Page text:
And that actually means that ‘Wilderness’ is even more important now that ever. Lots of thanks to Aldo Leopold, the early conservationists, and President Johnson for putting the Wilderness Act in place in 1964.

50 Years of Wilderness

Great Articles on MO State Parks

When I picked up this week’s the Edge, a local weekly magazine, I saw a great cover with some nice colorful outdoor scenes and it showed one article inside was titled “Hiking in Missouri” so I knew I’d be reading through these. The Edge does a good job including a lot of outdoor activities in its pages, with local parks and such, so I often page through checking for those anyway. In this issue I came across two great articles by the Missouri Division of Tourism’s Scott McCullough. I had to post about them here since I thought they were very well done.

Lake Wappapello State Park

Courtesy of the Missouri Division of Tourism

I subsequently found these articles on so I could link them. The titles are slightly different in the Edge. The first was “Camping Around Missouri’s Lakes”, or “Lakeside camping at its best” that included info about lots of lakes and state parks I didn’t know much about, but would be something for a person to check out for sure if they were interested in camping, fishing, boating, kayaking, picnicking, swimming, etc. Hiking and even backpacking were mentioned for some including Lake Wappapello in the Ozarks.

Hawn State Park, Ste. Genevieve

Courtesy of the Missouri Division of Tourism

The second article was what I was really after, titled “Hiking And Biking Trails Are Abundant” at visitmo and “Missouri a trail lovers dream” by the Edge. Lots of parks were mentioned, some I’ve been to such as Castlewood State Park, several I’ve heard of, but also some I hadn’t heard of yet. These were from all around the state. I didn’t realize Missouri was given the title “Best Trails State” in 2013 by American Trails, a national nonprofit devoted to hiking, biking, and riding trails. This is due to the state’s contributions to promoting and improving its trails. Parks mentioned here included Ha Ha Tonka State Park, Weston Bend State Park, Johnson’s Shut-Ins State Park, Castlewood State Park, Big Oak Tree State Park, Lake Wappapello State Park, Finger Lakes State Park, Thousand Hills State Park, Roger Pryor Pioneer Backcountry, Big Sugar Creek State Park, Watkins Mill State Park, and the Katy Trail which is the longest rails-to-trails trail in the U.S.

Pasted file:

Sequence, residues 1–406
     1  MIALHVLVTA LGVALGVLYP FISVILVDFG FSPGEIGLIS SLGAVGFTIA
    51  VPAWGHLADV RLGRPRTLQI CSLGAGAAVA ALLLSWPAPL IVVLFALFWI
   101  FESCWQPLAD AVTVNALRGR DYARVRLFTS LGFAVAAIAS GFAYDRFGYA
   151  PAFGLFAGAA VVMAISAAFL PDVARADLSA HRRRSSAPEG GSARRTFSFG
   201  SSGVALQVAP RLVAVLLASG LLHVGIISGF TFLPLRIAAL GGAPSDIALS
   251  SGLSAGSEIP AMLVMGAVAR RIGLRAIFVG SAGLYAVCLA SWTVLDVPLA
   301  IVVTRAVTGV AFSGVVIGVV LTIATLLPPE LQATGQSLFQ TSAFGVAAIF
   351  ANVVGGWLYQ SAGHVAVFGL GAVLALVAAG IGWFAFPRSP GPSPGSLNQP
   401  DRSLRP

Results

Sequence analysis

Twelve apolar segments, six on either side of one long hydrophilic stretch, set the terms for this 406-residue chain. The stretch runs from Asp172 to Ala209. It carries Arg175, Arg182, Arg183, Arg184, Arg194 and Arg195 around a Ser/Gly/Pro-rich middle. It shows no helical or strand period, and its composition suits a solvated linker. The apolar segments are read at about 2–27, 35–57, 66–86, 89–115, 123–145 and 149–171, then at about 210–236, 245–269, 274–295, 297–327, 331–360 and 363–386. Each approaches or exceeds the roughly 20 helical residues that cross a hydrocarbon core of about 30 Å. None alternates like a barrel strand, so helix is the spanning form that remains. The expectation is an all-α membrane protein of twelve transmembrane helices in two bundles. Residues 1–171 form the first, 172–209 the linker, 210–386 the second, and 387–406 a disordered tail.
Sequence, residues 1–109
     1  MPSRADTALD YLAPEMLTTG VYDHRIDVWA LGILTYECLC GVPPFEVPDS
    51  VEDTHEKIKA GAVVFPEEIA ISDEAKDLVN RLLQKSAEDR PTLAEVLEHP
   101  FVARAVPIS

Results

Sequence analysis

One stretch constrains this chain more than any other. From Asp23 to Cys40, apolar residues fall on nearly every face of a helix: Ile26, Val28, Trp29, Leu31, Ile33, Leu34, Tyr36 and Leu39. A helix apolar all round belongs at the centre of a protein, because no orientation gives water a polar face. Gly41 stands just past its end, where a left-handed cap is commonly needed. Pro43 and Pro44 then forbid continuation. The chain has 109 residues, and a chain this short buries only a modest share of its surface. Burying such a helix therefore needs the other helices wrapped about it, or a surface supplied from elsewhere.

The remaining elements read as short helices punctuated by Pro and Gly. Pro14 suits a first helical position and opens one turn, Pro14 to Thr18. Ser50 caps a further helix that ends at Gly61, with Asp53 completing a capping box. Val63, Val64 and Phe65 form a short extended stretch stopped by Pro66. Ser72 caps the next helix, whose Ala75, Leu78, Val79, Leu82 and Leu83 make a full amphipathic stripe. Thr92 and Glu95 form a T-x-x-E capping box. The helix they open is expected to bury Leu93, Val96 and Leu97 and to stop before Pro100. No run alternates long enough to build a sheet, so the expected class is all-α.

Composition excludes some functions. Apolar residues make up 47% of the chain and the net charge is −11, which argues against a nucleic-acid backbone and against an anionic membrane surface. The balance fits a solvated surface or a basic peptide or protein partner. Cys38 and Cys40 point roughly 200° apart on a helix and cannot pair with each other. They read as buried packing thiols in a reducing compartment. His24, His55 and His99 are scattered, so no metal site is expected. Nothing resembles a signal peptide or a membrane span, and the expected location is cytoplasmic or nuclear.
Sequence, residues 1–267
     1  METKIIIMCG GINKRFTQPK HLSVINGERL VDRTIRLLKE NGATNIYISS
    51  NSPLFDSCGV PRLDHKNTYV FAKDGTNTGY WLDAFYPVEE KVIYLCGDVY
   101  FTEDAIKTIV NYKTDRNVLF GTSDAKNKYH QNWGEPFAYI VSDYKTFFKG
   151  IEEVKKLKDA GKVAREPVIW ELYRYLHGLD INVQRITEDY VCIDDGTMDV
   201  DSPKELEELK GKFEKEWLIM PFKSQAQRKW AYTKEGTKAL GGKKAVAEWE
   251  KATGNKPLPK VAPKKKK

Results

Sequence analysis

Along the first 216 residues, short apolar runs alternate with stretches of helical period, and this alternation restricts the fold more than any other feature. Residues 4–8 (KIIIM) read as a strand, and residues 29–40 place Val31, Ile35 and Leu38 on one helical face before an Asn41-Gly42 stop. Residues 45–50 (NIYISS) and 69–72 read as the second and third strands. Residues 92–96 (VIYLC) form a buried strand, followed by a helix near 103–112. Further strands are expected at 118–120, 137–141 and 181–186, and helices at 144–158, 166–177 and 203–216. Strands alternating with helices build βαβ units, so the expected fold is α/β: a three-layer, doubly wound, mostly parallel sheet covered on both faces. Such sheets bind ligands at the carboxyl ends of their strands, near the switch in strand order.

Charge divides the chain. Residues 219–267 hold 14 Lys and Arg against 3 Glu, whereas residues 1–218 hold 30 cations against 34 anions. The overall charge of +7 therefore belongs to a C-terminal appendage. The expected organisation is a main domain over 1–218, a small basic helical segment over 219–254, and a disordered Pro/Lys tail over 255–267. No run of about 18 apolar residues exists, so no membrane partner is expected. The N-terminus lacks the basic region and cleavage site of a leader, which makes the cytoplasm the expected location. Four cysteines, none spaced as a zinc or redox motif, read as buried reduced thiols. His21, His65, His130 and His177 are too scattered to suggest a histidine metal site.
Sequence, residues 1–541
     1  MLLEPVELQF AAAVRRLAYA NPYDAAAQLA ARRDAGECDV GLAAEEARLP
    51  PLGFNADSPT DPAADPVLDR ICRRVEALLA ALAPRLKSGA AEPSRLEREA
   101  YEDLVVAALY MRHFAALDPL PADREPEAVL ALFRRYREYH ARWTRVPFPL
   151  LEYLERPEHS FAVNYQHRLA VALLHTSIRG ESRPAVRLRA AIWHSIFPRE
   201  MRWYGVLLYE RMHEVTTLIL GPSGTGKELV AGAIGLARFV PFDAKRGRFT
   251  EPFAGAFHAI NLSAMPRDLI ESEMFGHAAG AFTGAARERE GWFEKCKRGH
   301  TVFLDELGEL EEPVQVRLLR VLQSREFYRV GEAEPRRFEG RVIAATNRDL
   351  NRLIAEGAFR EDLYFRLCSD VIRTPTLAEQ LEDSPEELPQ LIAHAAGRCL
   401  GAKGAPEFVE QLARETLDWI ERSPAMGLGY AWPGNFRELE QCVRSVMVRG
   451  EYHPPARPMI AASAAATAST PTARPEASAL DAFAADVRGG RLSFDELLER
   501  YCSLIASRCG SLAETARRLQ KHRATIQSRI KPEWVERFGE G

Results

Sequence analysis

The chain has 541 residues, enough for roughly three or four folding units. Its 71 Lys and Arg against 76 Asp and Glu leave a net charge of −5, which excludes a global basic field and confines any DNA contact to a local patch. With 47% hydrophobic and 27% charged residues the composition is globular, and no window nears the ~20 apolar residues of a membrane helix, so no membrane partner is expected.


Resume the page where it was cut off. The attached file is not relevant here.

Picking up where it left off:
I will definitely have to check some of these places out.

Hawn State Park, River Aux Vases

Courtesy of the Missouri Division of Tourism

Possibly More Recognition on the way for Cahokia Mounds and Newly Found Sites

This is neat news for the amazing historical and archaeological sites of the mounds around St. Louis including Cahokia Mounds. In the radio hour they spoke about finding a site with evidence of 5,000 huts during the new bridge construction, and that was just 10% of the site they believe. I think the State of Illinois has done a great job as well and hope they continue to support in the future, but I also see great benefit to having some national recognition for Cahokia Mounds and the other sites with the National Park Service.

Monk's Mound at Cahokia MoundsI recommend playing the audio at the link below with the “Listen” thing under the second paragraph.

“Efforts Underway To Enhance National Designation Of Cahokia Mounds”

I’ve been to Cahokia Mounds many times and enjoy the place. You can imagine the thriving city that was there and with a large network of communities around it and feel the history.

Here’s a day hike report from there.